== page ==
Jersey City, NJ Saloon Explosion, July 1920
SALOON EXPLOSION KILLS 4, INJURES 2.
ALCOHOL BELIEVED TO HAVE BLOWN UP -- WOMAN AND THREE CHILDREN VICTIMS.
FIRE WRECKS BUILDING.
SEVEN RESCUED FROM FLAMES BY POLICE -- INVESTIGATORS SEEK EVIDENCE OF ILLICIT STILL.
Four persons, three of them children, were killed by an explosion last night in the saloon of ANDREW POLSKI at 611 Summit Avenue, Jersey City, or burned to death in the flames which swept through the three-story frame structure after some liquid believed to have been alcohol went off with a great roar in the saloon.
The dead are:
TRAXEADA POLSKI, wife of the saloon keeper.
LEOKAYDA POLSKI, ten-year-old daughter of the couple.
MAY POLSKI, their three-year-old daughter.
Unidentified Boy, 4 years old.
POLSKI collapsed in the City Hospital where little MAY, badly burned, expired under a surgeon's care. Police Captain DANIEL LEE announced that he would be placed under arrest pending investigation of the explosion. The police think it may have resulted from the illicit manufacture of whisky.
Two persons, who were burned and overcome by smoke, are in the City Hospital. They are members of another Polish family who lived above the POLSKIS, and their names had not been learned at midnight.
The POLSKI place is near the Five Corners, a great traffic centre, and the noise of the explosion, followed by the glare of flames reddening the sky as the flimsey tenement burned like kindling wood, brought an excited crowd. A rumor that there had been a fire in a theatre, followed by a panic, heightened the excitement.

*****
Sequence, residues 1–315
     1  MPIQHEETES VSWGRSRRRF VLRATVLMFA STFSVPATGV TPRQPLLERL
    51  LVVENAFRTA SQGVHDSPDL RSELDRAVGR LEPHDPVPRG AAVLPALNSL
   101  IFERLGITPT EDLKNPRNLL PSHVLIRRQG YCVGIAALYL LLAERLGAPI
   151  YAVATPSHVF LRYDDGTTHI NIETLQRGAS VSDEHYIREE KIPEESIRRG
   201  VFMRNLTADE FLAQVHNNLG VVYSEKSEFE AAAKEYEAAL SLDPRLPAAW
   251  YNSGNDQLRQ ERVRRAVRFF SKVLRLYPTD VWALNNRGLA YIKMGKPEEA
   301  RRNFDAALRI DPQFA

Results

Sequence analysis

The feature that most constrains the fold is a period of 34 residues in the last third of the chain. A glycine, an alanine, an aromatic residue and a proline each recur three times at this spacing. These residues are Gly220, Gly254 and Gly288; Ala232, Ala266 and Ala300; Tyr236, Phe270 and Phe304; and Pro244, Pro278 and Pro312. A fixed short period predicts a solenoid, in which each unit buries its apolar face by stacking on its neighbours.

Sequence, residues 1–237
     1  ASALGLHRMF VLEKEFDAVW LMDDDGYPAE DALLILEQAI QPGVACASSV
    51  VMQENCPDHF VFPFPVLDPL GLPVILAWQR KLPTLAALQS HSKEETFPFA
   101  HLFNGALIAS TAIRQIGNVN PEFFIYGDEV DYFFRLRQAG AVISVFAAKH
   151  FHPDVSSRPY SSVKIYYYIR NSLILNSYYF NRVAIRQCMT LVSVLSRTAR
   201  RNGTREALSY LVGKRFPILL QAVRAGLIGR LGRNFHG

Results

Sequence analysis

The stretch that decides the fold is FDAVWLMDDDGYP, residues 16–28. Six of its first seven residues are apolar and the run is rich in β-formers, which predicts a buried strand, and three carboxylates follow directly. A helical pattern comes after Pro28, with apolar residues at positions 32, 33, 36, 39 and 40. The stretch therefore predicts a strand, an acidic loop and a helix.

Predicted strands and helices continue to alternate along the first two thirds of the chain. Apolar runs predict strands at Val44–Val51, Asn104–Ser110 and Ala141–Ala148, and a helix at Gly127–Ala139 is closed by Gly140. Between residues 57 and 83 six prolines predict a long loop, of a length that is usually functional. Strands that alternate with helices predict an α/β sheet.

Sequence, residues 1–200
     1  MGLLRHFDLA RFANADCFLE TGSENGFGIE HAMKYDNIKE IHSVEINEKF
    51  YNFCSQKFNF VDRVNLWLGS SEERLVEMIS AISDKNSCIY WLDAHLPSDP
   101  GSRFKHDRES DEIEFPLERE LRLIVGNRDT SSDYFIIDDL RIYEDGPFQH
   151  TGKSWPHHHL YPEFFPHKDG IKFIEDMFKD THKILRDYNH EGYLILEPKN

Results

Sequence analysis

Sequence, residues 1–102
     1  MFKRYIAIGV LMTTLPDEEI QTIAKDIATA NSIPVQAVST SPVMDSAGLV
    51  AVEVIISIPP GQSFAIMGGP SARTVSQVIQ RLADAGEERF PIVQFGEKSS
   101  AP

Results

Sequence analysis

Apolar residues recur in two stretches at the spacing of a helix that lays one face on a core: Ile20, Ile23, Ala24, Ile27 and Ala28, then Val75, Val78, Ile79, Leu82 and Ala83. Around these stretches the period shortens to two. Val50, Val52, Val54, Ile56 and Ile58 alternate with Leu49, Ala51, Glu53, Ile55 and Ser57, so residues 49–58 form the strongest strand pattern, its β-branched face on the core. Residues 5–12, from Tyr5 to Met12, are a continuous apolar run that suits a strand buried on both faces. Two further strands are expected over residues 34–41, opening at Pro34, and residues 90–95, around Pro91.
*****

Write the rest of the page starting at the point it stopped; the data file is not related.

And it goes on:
There are two police stations in the vicinity and squads of patrolmen and detectives arrived in time to drive back the onlookers and plunge into the building. They saved seven persons, some of whom were on the verge of jumping as tongues of flame licked nearer the window sills in which they were crouching, begging those in the street to hurry the work of rescue.
A single alarm was turned in and the flames were confined to the building in which they started, though for a time other tenements were endangered. The firemen at first believed a number of others had lost their lives, but as soon as they were able to drag their hose lines inside they were satisfied there were no more bodies within.
The exploson came with terrific force. POLSKI was standing just outside the door of his place when it let go. The whole front of the building was tossed into the street, slivers of plate glass and scantlings from the framework being hurled thirty feet. The path of the explosion just swerved by the man cooling himself near the doorway and he was uninjured.
His wife and his elder daughter are believed to have been inside the saloon, perhaps aiding him in whatever work was going on there. Their deaths were unstantaneous. The police were not sure in their first hurried report whether Baby MAY was near her mother or whether she had been put to bed upstairs. She was on the ground floor when the first rescuers arrived and lifted her in the first of the long line of ambulances that followed early reports of a big disaster.
As soon as the fire was out an examination of the premises was started, with a view of obtaining such physical evidence as might remain of the cause of the explosion. POLSKI was in such condition he could not talk coherently, but the police believed as soon as he was calmer he would disclose the source and nature of the explosion which sent flaming liquid searing the walls and ceiling and had the whole place aflame within a few seconds.
The New York Times New York 1920-07-21